Special Supplemental Nutrition Program for Women, Infants, and Children (WIC)
Want to apply for WIC? Check your eligibility? Click below
We acknowledge that terms like “women,” “mothers,” and “breastfeeding” may exclude non-binary people who choose to chestfeed their babies. However, for ease of understanding, we will use the terminology currently adopted by U.S. government agencies.
What is WIC?
The Special Supplemental Nutrition Program for Women, Infants, and Children (WIC) provides supplemental foods, healthcare referrals, and nutrition education for low-income:
- Pregnant and breastfeeding women
- Non-breastfeeding postpartum women
- Infants and children up to age 5
WIC’s goal is to safeguard the health of these demographics who are at nutritional risk by providing resources for a healthy diet.
How does WIC work?
Each month, WIC participants receive checks or vouchers to purchase specific food items. These food plans are designed to benefit WIC’s particular population. Some states issue Electronic Benefit (EBT) cards as well.
WIC foods include:
- Infant cereal and iron-fortified adult cereal
- Vitamin C-rich fruit or vegetable juice
- Eggs, milk, and cheese
- Peanut butter
- Dried and canned beans/peas
- Canned fish
- Soy-based beverages
- Fruits and vegetables
- Baby food
- Whole-wheat bread and more whole-grain options
For women who do not fully breastfeed, WIC provides iron-fortified infant formula.
Learn more details on the WIC food packages here.
How do I apply for WIC?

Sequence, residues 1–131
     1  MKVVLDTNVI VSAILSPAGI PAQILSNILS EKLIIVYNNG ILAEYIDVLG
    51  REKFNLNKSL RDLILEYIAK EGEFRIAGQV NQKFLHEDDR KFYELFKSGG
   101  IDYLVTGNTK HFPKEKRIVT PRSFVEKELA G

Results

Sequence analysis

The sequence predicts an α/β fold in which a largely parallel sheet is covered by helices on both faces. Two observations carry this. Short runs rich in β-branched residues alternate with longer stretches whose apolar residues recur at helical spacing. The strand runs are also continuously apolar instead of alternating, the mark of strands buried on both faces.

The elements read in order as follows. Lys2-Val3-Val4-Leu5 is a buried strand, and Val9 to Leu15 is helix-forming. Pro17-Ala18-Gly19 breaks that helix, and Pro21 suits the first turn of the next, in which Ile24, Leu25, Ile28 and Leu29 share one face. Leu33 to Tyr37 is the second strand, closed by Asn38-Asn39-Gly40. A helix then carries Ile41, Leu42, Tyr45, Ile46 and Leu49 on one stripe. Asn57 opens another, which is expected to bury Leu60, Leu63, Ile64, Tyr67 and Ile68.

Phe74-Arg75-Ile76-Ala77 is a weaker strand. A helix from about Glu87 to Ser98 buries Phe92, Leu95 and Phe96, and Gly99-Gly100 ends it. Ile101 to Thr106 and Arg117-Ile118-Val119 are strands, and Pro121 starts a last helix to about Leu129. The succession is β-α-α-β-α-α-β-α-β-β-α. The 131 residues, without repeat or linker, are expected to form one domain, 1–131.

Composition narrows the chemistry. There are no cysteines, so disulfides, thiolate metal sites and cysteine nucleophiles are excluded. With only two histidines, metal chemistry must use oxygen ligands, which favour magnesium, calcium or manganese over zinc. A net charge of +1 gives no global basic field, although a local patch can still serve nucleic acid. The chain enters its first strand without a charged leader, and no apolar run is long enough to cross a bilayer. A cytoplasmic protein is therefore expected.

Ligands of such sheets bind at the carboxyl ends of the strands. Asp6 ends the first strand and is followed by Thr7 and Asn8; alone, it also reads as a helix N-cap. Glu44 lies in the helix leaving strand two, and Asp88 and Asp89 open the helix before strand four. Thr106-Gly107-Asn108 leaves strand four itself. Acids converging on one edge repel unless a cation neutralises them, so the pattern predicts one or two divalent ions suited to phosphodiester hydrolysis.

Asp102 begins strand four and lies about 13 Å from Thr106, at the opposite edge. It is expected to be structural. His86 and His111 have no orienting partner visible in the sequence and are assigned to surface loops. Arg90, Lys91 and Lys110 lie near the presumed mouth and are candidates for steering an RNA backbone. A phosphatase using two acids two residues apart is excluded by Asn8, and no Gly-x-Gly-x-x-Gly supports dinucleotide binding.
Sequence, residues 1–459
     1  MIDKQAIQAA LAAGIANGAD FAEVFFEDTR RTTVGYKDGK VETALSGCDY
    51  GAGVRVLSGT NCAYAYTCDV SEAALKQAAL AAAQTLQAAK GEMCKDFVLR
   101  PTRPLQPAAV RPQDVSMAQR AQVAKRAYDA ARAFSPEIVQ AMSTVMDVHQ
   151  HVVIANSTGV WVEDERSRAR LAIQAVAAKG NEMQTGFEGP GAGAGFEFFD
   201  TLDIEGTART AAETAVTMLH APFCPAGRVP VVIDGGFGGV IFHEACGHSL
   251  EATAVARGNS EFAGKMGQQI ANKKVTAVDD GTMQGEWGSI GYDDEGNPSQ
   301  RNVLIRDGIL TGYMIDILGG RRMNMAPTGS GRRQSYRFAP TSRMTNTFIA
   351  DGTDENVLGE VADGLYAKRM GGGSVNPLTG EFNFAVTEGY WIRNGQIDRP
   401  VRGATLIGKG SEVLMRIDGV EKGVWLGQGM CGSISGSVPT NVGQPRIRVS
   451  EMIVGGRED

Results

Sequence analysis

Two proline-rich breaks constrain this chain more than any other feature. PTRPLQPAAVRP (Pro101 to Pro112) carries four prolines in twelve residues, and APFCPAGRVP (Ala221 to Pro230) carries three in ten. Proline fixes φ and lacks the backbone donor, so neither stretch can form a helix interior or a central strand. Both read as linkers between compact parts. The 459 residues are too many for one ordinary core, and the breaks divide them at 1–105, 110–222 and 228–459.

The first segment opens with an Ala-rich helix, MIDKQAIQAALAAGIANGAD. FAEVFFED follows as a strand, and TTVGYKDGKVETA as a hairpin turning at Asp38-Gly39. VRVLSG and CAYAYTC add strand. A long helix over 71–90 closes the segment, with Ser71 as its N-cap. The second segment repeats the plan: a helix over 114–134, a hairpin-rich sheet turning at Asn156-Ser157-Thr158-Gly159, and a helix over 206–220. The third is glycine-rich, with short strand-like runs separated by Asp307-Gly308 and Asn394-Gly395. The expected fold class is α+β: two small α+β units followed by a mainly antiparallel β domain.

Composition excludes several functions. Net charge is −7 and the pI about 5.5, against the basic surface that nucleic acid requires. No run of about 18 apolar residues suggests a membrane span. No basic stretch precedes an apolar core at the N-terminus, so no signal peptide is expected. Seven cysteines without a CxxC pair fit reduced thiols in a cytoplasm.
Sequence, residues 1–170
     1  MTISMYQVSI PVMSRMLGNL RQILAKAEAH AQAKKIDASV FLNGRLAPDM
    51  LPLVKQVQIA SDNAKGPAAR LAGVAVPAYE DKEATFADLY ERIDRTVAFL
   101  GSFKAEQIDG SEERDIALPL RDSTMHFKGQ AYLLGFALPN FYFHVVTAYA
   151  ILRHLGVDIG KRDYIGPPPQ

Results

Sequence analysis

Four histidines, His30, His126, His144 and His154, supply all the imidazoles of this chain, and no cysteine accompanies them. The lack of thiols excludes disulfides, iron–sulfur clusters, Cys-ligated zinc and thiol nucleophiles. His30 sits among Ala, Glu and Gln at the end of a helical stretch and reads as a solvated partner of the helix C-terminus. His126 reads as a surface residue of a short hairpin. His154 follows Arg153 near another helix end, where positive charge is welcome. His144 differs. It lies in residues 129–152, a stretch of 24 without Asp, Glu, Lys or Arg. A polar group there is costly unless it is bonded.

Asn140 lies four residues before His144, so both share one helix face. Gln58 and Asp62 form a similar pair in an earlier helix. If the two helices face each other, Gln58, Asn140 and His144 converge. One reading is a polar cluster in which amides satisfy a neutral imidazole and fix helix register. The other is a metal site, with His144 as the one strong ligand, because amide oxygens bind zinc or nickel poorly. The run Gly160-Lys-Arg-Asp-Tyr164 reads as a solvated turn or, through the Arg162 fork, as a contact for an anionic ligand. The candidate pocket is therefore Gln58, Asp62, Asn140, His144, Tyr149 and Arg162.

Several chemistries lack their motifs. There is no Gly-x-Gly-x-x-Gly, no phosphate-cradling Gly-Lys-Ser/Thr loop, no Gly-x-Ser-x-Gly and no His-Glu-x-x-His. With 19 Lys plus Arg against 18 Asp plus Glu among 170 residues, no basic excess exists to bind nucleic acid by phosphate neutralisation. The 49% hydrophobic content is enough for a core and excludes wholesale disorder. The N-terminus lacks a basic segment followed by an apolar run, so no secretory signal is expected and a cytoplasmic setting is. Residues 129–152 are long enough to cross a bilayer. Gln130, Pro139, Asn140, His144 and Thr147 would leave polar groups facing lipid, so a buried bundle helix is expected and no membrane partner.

Applicants must meet the following requirements: categorical, residential, income, and nutritional risk.
- The nutritional risk requirement will be determined by your doctor or a healthcare professional at a WIC office, free of charge. This pre-screening tool can help to determine your eligibility.
- Eligibility and benefits for WIC vary between states. To apply, contact your state or local WIC agency to schedule an appointment. Each state’s WIC website offers further information on how to apply, as do the toll-free numbers for WIC state agencies.
- Participation is short-term. A participating household will “graduate” at the end of the certification period–the length of time a WIC participant can receive benefits. Benefits usually last six months to a year, at which time reapplication is available.
- WIC agencies keep a waiting list if they do not have enough money to serve all of their applicants. A priority system is set in place to determine who is in the most need of assistance.
Have questions? Learn more.
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